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General Assembly Introduction

COUNTIES, CITIES, AND LEGISLATIVE DISTRICTS

See also the key to Senate Legislative Districts

From 1790 to 1966, defining the geographical area represented by a legislator was relatively simple. From 1790 to 1837, senators were chosen by electors to represent either the Eastern Shore or the Western Shore. From 1838 to 1966, senators were popularly elected by county or by district within Baltimore City, with each county or district within the city allotted one senator.

From 1790 to 1837, four delegates were popularly elected from each county, along with two delegates each from Baltimore City and Annapolis. After 1837, because of the pressure for constitutional reform, Maryland began to take population into account with regard to the apportionment of delegates. Between 1838 and 1966, county delegation size varied according to population. Each county was assured a minimum of one delegate and none ever received more than thirteen. Between 1837 and 1872, four new counties, Carroll (1837), Howard (1851), Wicomico (1867), and Garrett (1872) were created and allotted representation.

In 1838, the Annapolis delegation was reduced to one member, and after 1841 separate representation from the capital city ceased. The Baltimore City delegation, on the other hand, increased steadily, although not in direct proportion to population growth. By 1865, the city was divided into three legislative districts of six delegates each. In 1904, the city was reapportioned into four legislative districts of six delegates each, and in 1924 into six districts of six delegates each.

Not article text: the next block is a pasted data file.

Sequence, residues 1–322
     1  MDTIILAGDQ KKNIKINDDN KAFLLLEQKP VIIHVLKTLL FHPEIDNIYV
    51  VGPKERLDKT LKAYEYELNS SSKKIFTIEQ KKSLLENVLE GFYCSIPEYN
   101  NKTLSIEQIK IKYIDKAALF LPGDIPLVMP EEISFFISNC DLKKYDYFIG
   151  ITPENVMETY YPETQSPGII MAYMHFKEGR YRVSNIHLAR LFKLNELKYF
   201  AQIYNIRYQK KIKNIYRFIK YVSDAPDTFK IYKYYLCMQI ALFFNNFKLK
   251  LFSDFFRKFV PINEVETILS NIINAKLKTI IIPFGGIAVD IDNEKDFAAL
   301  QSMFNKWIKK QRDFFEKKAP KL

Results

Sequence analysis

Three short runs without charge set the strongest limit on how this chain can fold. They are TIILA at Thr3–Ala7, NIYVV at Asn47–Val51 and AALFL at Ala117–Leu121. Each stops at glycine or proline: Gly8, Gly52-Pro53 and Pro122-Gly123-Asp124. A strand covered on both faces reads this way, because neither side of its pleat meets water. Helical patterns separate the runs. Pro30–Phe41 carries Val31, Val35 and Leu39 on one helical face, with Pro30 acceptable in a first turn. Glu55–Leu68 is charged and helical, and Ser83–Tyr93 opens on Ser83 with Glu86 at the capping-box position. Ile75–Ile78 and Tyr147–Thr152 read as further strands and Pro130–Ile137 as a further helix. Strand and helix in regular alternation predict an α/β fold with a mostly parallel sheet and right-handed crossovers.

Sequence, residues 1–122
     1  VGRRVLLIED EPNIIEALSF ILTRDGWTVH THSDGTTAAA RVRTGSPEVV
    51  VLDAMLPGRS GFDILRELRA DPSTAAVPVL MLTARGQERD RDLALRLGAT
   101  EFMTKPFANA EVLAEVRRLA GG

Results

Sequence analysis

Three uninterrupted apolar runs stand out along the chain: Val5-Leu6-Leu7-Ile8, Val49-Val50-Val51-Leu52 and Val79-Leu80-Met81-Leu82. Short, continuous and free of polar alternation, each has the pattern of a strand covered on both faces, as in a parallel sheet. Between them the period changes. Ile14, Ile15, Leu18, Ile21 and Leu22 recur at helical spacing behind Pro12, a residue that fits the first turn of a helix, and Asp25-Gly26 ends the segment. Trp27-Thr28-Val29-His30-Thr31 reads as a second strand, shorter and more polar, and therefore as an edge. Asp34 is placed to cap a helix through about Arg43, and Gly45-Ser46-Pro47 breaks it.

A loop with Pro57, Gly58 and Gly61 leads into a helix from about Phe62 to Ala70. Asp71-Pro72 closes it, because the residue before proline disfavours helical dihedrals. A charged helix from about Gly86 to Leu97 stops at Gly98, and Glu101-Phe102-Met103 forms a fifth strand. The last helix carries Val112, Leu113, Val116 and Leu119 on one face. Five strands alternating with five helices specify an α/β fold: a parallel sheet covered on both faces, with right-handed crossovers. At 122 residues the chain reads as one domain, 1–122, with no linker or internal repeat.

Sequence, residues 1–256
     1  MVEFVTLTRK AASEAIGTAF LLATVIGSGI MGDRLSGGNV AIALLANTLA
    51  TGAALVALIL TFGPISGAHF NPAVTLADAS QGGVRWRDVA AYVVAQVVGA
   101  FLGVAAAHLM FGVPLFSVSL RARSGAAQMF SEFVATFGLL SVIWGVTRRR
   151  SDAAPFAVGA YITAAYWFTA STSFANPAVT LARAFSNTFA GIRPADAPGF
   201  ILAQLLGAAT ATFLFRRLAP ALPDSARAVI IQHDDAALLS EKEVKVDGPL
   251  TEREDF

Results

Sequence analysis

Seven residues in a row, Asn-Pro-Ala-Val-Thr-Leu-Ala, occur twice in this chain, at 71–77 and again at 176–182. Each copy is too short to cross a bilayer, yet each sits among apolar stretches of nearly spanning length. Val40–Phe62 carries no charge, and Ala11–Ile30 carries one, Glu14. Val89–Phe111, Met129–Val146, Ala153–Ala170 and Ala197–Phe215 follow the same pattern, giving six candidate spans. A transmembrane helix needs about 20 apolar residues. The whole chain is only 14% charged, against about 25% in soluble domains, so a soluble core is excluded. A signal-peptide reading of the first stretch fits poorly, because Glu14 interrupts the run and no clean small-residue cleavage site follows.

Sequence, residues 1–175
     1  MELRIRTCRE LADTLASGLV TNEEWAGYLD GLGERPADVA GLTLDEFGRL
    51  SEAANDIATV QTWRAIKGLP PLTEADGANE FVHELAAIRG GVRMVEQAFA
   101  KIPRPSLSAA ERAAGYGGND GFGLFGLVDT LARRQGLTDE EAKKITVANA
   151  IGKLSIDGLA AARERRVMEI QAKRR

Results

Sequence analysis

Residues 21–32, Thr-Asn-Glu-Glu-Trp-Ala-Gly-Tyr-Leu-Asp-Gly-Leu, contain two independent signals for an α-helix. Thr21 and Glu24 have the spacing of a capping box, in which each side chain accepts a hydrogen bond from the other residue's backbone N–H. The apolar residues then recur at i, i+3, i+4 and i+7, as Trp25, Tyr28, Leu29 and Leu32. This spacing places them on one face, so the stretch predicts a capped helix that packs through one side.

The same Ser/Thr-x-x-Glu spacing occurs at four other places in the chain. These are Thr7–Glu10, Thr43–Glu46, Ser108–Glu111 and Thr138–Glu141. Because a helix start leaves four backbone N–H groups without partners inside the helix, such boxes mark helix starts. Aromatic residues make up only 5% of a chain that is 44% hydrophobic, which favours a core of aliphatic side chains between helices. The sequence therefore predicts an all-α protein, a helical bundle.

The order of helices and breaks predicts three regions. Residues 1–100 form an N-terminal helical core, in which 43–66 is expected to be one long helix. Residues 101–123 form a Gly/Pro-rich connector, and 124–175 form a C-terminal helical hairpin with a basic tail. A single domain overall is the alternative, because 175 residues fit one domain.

In 1965, the General Assembly, in response to state and federal court decisions, divided Maryland into sixteen "senatorial districts" for the election of senators. [ 1 ] Seven of these senatorial districts encompassed two or more counties. While members of the House of Delegates still were chosen from election districts within each county and Baltimore City, some senators, for the first time, represented more than one county's voters. [ 2 ]

In 1972, as a result of a constitutional amendment, legislative districts were created for both the Senate and the House of Delegates on the basis of equal representation by population.[ 3 ] The amendment of 1972 required that each legislative district consist of adjoining territory, be compact in form, and be of substantially equal population (Maryland Constitution, Article 3, section 4). Districts could encompass part of a county, parts of adjoining counties, an entire county, or more than one county. For the 1974 election, the 1972 amendment divided the state into 47 legislative districts, eleven of which were allotted to Baltimore City. Ten years later, following the 1980 federal census, the Legislative Reapportionment Plan of 1982 retained 47 districts for senators, but redefined their boundaries and subdivided them for elections to the House of Delegates.[ 4 ]


1 Acts of Special October session 1965, chapter 2.
2 For maps and descriptions of legislative district boundaries, see the Maryland Manual beginning with the 1965-1966 edition.
3 Acts of 1972, chapter 363, was ratified by the voters on November 7, 1972.
4 Pursuant to the constitution (Art. 3, sec. 5), the governor presented the Legislative Reapportionment Plan of 1982 to the General Assembly on January 13, 1982, and it became law on February 26, 1982 (Acts of 1982, Joint Resolution number 1). For maps and district boundary descriptions see the successive editions of the Maryland Manual beginning with the 1965-66 edition.


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